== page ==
No conversations about hatchbacks are complete without a mention of the Volkswagen Golf. No surprise, because the Golf has always been the king of this segment. Even if you didn’t own one, you probably know someone who does. It’s almost become a reference point in the world of hatchbacks.
Much like the Porsche 911, it’s evolved remarkably over time — we’re talking decades here — without losing so much as a tinge of personality, and therein lay its charm. The names Mk1, GTI, R and R32 are motoring legends, with posters lining bedroom walls all over the world. Now, seven generations later, the Volkswagen Golf is back.
A hatchback for grownups, beautifully put together and contemporarily designed, the Volkswagen Golf has always felt more expensive than it actually is, which sets it apart from its competitors. From the sound the doors make when you close them to the weightiness of the steering wheel in your hands as you glide the front-wheel drive through a sweeping bend, the experience makes you fall in love with it over and over again.
Throughout the years, the Golf has come in a number of different body shapes. There’s been three-doors, five-doors, cabriolets, wagons and an MPV. The Golf has even been called the Rabbit and the Caribe. But its only constant is that it hasn’t stopped evolving over the years. Fresh off the launch today, here’s what you can expect from Volkswagen’s latest evolution.
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Xenon headlights and taillights now make way for LED ones, which are more energy efficient and easier on the eyes. Nifty design features also include a dark red LED rear light cluster with sweeping indicators — the kind that animates to indicate the direction you’re turning, which is a nice modern touch to such an old legend.
You don’t want to be fumbling with knobs and tapping wildly on screens in frustration while you drive. Volkswagen included the Discover Pro with gesture control so you can wave your commands instead, from swapping radio stations to interior lighting intensity. A larger 9.2-inch screen will also project your map in 3D. In the GTI model, you’ll be equipped with Dynaudio Excite, an eight-speaker sound system by Danish hi-fi specialist Dynaudio. Technology clearly takes precedence as the analog gauges are ditched for a 12.3-inch high-resolution digital instrument cluster.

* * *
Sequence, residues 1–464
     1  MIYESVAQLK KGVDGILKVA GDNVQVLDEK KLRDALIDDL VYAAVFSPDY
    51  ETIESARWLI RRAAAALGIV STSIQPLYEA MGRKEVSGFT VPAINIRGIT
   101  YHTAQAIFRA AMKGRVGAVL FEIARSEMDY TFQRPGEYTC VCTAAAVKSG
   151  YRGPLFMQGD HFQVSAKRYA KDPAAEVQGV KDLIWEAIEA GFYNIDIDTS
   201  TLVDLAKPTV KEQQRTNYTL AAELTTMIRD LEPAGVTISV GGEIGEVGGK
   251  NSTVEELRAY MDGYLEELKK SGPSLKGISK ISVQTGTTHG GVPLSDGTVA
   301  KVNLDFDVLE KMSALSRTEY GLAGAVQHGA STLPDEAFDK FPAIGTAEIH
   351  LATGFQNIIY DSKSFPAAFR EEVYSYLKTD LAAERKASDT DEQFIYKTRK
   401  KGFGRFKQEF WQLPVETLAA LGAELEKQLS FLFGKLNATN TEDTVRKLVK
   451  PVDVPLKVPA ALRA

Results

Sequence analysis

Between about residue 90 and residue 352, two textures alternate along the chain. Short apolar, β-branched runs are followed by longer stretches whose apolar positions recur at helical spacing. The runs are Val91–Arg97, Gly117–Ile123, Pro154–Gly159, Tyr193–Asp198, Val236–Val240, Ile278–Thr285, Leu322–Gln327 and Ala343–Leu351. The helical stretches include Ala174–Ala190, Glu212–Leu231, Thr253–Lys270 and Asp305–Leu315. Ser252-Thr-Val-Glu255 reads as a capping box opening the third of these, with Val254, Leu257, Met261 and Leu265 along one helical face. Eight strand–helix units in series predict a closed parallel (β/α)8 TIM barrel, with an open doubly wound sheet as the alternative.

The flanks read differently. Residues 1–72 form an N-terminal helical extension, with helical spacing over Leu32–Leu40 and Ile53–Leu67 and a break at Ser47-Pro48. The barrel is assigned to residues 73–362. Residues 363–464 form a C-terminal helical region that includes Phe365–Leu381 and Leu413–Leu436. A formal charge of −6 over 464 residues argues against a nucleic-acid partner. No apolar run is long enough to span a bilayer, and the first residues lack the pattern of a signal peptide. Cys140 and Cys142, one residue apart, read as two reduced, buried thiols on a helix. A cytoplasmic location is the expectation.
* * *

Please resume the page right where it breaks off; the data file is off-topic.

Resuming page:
The Golf hops on the intelligent driver assistance systems bandwagon with a new array of features. The semi-autonomous parking assistance makes manoeuvring into or out of tight parking spaces less frustrating, and will even help put you into a parallel parking spot safely. The Blind Spot Sensor with Rear Traffic Alert system is your eye in the sky as it monitors traffic behind for a range of 20 metres with radar sensors. This is useful for when changing lanes or even reversing out of a parking space with restricted visibility.
For maximum thrill, the 286hp R model is the most powerful and fastest Golf there’s ever been, accelerating from nought to 100kph in 4.6 seconds. The GTI does the same in 6.4 seconds with a power boost to 227hp (up from 210) thanks to the 2.0-litre turbocharged 4-cylinder. In the base model, a 1-litre turbocharged 3-cylinder still provides commendable performance with 108hp.
In keeping with its promise to take you from the racetrack directly to the road, the R model gets the permanent 4Motion four-wheel drive. Wheelspin and locking are now a thing of a past, and your Golf will not lose traction on any surface — not that it varies much here. When you’re ready for your Lewis Hamilton moment, hit up the Dynamic Chassis Control for a specially developed race mode for a tauter running gear, prompt gas pedal response and faster gear changes.
The Golf experience begins even before you turn the goosebumps-inducing ignition. Get into the GTI model, and you’ll be welcomed by sporty red illumination — just a visual reminder of what this mighty hatchback is capable of. The sports seats are adjustable to the multifunction sports steering wheel, and as a treat, keep track of your car’s performance via a GTI-specific instrument panel. To complete the experience, brushed stainless steel pedal caps stand out with precise pressure points, a feature only found elsewhere in racing cars. Not bad for such a nifty little thing.